The family of the late musician plans to create an archive of his writings and recordings.
These aren’t just footnotes – the diaries of great personalities are often a part of history. One such example can be found in the diaries diligently kept by violin maestro Lalgudi G. Jayaraman since 1949. Own evolution as one of India’s legendary violinists.
The family of the late musician plans to create an archive of his writings and recordings. “We can allow rasikas to listen to his music and read his writings on the occasion of his birthday,” said Lalgudi GJR Krishnan, his son.
The diaries, now yellow and brittle with age, record his evocative impressions of several musicians from an earlier era, including Salem Desikan and Chellam Iyengar, Thanjavur Lakshminarayana Bhagavathar, Umayalpuram Kalyanaramaiyer and MA Kalyanakrisha Bhagavathar, who were active in the mid-years. 1900.
Lalgudi Jayaraman’s meeting with Yehudi Menuhin, one of the most famous violinists of the twentieth century, in the latter’s London home in 1965, is captivating. âHe expected us to come with instruments, but we didn’t. Then he gave his Italian instrument and asked me to play ragas. I have played Sankarabharanam, Hemavathy, Karaharapriya, Keeravani and Mohanam. Then he called for a “sad” raga. I played Mukhari and Suba Pantuvarali, âJayaraman writes in his diary, which also contains details of his visit to London to participate in the Edinburgh Music Festival.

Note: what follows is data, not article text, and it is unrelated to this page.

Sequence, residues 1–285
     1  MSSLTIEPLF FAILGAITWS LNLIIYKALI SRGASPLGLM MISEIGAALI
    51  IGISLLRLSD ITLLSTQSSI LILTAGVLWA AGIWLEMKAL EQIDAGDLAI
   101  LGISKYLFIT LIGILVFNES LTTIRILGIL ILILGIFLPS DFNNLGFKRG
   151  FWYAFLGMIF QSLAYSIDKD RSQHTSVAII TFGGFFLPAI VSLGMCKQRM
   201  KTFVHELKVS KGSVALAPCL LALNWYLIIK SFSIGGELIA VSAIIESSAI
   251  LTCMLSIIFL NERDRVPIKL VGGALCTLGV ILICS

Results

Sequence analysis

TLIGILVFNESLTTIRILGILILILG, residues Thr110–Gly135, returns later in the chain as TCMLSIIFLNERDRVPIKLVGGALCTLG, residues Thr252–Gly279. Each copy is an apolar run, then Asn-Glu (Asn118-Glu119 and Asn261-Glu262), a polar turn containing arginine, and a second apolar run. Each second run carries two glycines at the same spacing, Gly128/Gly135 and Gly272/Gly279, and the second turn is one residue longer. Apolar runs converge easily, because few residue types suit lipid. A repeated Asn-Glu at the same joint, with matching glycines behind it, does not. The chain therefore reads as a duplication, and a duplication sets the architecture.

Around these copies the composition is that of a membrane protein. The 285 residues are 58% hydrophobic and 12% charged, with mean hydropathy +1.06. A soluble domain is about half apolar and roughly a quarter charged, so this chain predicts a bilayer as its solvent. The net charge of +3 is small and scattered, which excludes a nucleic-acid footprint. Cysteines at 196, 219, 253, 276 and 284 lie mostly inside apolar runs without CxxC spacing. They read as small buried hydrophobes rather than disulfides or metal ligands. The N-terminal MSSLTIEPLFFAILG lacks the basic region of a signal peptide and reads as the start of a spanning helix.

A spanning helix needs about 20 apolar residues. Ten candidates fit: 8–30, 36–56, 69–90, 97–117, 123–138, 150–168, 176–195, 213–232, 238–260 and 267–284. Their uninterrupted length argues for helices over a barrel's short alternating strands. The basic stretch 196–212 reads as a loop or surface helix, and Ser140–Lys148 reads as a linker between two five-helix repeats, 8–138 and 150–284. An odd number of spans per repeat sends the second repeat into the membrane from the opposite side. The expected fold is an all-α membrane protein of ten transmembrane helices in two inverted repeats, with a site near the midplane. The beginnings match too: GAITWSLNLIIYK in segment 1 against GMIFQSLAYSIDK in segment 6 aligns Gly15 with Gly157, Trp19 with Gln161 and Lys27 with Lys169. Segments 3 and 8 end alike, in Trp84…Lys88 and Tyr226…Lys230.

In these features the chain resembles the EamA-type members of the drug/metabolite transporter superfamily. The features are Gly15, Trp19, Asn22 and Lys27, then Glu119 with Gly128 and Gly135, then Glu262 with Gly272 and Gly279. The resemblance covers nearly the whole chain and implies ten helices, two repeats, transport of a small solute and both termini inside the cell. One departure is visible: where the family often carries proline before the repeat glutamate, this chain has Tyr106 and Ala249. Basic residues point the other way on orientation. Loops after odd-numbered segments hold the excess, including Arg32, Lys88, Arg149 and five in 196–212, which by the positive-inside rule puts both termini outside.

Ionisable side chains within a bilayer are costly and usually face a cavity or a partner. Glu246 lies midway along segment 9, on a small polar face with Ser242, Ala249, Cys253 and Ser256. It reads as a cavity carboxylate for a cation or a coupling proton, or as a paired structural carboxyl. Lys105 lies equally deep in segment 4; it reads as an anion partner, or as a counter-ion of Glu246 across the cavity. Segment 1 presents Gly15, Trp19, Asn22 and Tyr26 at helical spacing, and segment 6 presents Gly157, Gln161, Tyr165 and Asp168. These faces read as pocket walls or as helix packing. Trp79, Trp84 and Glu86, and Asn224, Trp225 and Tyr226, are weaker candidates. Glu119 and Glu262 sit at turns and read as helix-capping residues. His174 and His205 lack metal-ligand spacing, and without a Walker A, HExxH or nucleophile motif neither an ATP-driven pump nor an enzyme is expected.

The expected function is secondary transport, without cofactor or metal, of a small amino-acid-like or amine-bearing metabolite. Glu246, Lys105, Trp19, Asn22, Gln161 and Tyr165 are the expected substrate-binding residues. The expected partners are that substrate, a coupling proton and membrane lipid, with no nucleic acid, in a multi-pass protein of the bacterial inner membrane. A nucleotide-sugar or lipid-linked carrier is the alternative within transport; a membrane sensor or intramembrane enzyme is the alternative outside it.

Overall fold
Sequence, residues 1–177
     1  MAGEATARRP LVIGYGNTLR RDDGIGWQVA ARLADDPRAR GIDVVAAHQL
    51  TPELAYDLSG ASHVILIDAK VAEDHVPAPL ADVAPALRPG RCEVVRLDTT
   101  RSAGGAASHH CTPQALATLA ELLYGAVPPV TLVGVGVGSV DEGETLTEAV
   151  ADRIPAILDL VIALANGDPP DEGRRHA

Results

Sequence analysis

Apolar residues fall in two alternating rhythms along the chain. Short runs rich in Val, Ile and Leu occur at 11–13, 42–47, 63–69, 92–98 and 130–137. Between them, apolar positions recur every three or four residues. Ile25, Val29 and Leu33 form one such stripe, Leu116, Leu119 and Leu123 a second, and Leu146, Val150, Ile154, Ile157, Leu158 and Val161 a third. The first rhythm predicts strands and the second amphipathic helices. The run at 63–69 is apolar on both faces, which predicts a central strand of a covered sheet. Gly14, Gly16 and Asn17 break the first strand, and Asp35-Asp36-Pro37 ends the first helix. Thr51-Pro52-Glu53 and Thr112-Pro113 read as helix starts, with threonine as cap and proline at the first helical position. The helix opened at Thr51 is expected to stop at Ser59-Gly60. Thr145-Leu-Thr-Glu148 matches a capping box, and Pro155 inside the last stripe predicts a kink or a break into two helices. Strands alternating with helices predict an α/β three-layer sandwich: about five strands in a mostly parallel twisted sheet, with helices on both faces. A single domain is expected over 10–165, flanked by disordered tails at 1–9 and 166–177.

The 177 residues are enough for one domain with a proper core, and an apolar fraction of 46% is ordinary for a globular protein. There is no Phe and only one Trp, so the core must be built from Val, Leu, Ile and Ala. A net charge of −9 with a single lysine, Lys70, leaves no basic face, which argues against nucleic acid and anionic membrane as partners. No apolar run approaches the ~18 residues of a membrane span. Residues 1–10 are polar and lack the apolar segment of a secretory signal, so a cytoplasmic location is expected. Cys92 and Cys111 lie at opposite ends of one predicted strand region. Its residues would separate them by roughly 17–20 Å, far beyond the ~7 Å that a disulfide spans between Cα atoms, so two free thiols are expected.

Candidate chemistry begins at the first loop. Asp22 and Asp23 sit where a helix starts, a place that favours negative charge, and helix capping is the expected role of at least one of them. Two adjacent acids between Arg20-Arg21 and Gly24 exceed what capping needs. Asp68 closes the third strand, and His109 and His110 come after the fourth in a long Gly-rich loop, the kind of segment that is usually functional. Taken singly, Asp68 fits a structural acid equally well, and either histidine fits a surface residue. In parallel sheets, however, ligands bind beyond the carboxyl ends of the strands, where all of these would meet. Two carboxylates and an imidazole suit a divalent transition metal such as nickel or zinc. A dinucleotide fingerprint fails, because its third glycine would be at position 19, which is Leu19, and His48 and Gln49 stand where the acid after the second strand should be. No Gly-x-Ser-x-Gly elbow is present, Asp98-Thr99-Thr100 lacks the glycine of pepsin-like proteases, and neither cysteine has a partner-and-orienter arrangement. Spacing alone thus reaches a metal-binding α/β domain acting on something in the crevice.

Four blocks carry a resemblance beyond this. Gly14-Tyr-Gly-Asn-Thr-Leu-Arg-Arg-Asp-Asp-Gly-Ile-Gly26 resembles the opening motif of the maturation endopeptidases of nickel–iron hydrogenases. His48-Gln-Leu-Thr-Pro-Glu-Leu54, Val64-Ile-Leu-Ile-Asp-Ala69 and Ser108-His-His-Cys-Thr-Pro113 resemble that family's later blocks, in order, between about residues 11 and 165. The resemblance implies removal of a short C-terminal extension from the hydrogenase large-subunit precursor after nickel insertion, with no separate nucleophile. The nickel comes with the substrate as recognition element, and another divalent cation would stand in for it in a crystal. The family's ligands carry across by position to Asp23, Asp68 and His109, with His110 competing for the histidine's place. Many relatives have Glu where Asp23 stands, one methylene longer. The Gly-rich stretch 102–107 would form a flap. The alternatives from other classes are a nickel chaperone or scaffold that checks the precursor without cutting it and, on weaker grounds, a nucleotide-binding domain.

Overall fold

Then: âI asked him to play. He played. It was wonderful. His practice was superb. He masters the instrument, âhe notes in homage to the great Menuhin.
Lalgudi Jayaraman made this memorable trip with singer KV Narayanasamy and Meridangist Palghat Mani Iyer and his son Rajamani. When Menuhin introduced Jayaraman and others to the audience at the Royal Festival Hall, he said, “Dear friend, will you play the sad raga of your music that you played for me last night?”
Perfectionist in all things
The master violinist usually recorded the details of each of his concerts. Even in 1942, when he was only 12, he kept a little book to jot down details of all the concerts he attended, including a bench performance by famous singer GN Balasubramaniam (GNB), accompanied by Kumbakonam. Rajamanickam Pillai on violin, Palghat Mani Iyer on mridhangam and Palani Subramania Pillai on kanjira, at the Nootrukal Mandapam in Tiruchi.
During his career as a professional violinist, Jayaraman assumes the role of critic and reviews his own performances with refreshing honesty. His first review of a concert, in which he accompanied GNB on February 10, 1949, he wrote: âWhen the main artist sings, I have to accompany him without any interruption. Let go of the ego and play humbly.
Regarding another concert, he bluntly criticizes his lack of imagination for his playing: âI had copied others. I should let go of this bad mentality.
On the other hand, his description of the room attributed to him in London could come from a novel. âYou have the slaughter of grated coconuts (thengai poo),â he said of the fabric of a white towel.
Lalgudi Jayaraman’s perfectionist, who cared as much about aesthetics in life as in his music, comes to life in his writings in Tamil and English.